What makes us tick?
There is a very real reason why we act, think, and respond the way we do. This is not a case of right or wrong, good or bad, but moreover, this is simply a matter of fact that regards why we act think and respond the way we do.
Last night, I was put in a situation where I thought, maybe it’s me . . .
Maybe it’s the way I see things or maybe, just maybe, the way I see things is a result of my past history and my brain is wired to respond in a certain way. Maybe it’s like I said to you: the mind is nothing more than a computer, which simulates and calculates the mathematics of past history and it combines this with assumptions and the main stressors, which we hold on to like a mathematic theorem, which in all honesty is only a theory, but in our minds the theory is fact, regardless to whether our math is accurate or not.
When entering and maintaining a transformational change, at least in my case, one of the factors I had to understand are my triggers. My triggers (or stressors) if left the same would keep me the same. This means I needed to learn what causes me to believe that I have to react. I had to recognize where my fears come from. And, I needed to understand that my thoughts and feelings are not always an accurate science. Sometimes, my thoughts and feelings are based on old childish recollections that stem from early memories.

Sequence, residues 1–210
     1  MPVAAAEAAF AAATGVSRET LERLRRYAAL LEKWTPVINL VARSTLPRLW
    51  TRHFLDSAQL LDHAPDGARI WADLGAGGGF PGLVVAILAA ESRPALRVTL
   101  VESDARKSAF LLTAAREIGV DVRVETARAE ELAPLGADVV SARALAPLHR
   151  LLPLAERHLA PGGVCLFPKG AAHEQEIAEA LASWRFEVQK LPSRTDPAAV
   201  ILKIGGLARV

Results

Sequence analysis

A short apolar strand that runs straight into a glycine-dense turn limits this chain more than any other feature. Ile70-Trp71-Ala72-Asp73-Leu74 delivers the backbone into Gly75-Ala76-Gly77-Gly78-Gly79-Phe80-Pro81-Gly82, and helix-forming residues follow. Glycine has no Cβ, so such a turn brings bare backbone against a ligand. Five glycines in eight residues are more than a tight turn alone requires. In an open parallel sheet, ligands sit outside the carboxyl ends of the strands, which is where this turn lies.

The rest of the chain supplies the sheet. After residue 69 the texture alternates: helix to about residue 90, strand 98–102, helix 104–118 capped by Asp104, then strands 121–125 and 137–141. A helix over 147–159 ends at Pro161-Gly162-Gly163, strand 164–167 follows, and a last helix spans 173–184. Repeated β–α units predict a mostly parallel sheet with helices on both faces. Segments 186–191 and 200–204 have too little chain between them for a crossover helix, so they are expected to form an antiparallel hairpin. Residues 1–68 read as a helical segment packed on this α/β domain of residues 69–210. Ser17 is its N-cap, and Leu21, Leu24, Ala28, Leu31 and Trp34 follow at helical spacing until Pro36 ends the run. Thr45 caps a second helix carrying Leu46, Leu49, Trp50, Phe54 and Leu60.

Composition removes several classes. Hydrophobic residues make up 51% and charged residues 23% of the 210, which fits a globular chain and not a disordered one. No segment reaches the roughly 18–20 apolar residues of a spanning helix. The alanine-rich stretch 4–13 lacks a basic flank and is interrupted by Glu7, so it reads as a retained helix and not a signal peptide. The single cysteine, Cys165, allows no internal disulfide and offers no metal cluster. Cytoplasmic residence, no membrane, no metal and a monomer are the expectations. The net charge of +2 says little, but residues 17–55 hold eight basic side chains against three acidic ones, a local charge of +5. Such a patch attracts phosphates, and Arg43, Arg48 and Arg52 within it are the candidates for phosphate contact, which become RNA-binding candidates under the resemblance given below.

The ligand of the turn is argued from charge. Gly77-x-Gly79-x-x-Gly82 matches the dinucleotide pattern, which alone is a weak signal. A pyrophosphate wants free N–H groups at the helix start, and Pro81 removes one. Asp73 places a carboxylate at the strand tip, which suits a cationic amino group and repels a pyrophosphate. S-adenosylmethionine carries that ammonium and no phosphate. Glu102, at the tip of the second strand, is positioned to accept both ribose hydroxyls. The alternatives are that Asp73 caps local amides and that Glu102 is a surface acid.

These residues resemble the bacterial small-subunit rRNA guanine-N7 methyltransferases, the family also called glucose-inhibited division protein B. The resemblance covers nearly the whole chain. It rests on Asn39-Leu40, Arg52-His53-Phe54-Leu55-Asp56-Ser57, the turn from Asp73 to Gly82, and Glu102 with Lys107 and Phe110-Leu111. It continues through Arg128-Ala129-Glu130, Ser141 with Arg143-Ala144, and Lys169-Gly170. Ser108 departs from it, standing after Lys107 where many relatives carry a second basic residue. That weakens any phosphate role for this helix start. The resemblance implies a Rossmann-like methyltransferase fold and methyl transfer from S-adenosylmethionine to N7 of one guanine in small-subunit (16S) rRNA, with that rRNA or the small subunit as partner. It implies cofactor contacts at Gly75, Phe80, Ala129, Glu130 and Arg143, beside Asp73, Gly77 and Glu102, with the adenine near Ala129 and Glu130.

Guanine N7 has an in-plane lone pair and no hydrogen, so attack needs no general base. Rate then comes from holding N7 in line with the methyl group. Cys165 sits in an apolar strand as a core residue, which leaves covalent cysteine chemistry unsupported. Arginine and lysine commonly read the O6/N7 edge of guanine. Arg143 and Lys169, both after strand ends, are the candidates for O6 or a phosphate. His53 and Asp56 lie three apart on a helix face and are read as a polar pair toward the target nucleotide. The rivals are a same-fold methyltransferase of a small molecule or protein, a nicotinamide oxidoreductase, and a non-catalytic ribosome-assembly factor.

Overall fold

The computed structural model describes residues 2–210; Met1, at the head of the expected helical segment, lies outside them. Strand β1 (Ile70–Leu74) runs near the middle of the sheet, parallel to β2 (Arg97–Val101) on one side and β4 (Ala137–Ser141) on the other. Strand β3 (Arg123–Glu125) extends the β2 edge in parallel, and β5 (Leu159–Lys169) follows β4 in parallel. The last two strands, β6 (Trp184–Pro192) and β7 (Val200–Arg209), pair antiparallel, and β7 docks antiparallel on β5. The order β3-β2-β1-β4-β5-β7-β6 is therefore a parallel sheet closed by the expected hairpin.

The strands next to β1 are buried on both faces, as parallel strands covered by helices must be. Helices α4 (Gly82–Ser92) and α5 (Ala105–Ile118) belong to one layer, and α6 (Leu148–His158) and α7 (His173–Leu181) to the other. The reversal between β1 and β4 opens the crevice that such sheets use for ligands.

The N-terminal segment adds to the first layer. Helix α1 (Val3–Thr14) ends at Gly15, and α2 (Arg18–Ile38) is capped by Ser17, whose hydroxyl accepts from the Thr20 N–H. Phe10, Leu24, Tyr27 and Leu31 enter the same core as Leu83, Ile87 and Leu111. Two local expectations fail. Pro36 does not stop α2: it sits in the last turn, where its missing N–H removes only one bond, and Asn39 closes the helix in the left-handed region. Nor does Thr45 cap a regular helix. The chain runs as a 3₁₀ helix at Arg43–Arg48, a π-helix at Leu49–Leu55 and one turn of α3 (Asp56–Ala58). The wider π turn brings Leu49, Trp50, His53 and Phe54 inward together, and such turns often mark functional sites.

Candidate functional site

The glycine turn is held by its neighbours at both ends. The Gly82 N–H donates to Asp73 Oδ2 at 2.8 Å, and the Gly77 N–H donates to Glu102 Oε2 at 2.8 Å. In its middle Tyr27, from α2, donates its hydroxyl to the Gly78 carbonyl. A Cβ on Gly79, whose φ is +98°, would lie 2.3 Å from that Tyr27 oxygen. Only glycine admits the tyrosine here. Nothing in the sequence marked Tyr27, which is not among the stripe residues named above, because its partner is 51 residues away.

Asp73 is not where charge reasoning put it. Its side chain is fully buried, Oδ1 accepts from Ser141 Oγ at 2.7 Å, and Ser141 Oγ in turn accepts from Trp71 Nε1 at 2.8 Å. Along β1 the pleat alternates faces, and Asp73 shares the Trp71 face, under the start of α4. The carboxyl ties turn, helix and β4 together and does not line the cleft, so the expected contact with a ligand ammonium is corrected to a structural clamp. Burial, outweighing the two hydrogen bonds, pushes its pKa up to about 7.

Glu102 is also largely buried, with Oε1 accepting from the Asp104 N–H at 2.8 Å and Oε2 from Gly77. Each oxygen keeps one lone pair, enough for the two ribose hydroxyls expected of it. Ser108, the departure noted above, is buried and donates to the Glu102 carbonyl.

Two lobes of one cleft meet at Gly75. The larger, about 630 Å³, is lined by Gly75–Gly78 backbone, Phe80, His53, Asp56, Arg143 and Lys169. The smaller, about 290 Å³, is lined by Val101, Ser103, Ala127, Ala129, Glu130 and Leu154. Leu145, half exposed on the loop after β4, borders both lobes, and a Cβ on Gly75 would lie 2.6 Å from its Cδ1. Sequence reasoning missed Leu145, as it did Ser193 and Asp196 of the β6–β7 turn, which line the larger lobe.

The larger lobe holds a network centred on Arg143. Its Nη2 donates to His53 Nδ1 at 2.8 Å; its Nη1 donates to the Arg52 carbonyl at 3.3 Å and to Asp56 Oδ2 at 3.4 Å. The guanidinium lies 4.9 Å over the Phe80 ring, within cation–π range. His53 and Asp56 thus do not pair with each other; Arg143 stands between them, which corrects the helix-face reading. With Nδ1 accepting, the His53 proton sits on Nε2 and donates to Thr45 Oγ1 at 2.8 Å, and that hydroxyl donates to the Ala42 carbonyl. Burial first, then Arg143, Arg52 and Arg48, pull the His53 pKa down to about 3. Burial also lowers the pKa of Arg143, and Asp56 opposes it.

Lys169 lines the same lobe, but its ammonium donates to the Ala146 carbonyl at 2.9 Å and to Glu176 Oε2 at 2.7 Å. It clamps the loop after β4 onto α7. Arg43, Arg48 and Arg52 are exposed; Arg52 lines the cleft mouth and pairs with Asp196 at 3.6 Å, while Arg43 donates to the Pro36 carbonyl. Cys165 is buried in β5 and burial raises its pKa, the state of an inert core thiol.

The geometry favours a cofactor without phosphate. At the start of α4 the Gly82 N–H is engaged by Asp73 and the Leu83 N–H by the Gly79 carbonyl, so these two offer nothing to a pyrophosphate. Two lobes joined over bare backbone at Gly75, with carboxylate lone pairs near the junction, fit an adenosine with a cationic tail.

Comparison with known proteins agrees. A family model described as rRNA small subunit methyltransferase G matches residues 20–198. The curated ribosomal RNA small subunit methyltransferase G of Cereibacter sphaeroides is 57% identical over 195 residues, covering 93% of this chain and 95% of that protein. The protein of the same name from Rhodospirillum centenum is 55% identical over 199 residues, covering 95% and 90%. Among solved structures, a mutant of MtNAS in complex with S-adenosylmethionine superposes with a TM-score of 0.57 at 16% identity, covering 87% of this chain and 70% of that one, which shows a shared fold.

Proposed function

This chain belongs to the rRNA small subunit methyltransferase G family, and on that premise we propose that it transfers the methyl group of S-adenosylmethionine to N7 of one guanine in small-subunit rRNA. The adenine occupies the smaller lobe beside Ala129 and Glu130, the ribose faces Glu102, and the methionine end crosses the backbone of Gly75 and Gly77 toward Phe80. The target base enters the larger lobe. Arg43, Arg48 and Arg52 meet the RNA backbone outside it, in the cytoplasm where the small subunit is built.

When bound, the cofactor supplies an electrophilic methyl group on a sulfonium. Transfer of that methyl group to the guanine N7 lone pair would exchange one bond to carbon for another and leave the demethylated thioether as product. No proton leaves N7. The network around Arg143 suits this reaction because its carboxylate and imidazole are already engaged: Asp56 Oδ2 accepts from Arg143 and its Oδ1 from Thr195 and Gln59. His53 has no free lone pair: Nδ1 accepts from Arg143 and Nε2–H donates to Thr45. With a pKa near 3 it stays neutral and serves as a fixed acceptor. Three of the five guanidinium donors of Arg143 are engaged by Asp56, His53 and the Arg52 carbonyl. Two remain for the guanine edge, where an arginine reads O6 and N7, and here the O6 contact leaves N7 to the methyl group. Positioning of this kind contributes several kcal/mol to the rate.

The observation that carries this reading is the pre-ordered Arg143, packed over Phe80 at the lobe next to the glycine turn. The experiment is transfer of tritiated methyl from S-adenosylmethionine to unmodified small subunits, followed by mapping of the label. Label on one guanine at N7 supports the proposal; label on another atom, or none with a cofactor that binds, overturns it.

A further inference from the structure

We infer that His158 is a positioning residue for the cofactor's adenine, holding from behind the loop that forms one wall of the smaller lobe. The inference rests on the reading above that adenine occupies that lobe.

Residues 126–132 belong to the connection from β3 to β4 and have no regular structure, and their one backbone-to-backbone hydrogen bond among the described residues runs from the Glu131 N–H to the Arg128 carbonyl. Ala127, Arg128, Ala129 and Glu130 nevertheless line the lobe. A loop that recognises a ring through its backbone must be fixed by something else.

Below is the Googled definition of the word “Trigger”
Trigger: [trig-er] noun
- A small projecting tongue in a firearm that when pressed by the finger, actuates the mechanism that discharges the weapon.
- A device, as a lever, the pulling or pressing of which releases a detent or spring.
- Anything, as an act or event that serves as a stimulus and initiates or precipitates a reaction or series of reactions.
Understanding and identifying triggers:
I never knew why I thought the way I thought or acted or acted as I acted. Or maybe I did know. Perhaps, deep down, I knew the reasons behind my thoughts and reactions. In fact, I know I did; however, I lacked the ability to identify and the vocabulary to explain my sources of anxiety.
This is where my reactions come from. This is where my coping devices came in. And by coping devices, I mean this in regards the way I would respond. There is a reason why I yell. In my case, I yell most when I am afraid or feel a lack of control. I yell when I invest my time poorly and I react (without regard to fact) because in my mind, I calculate the math all day long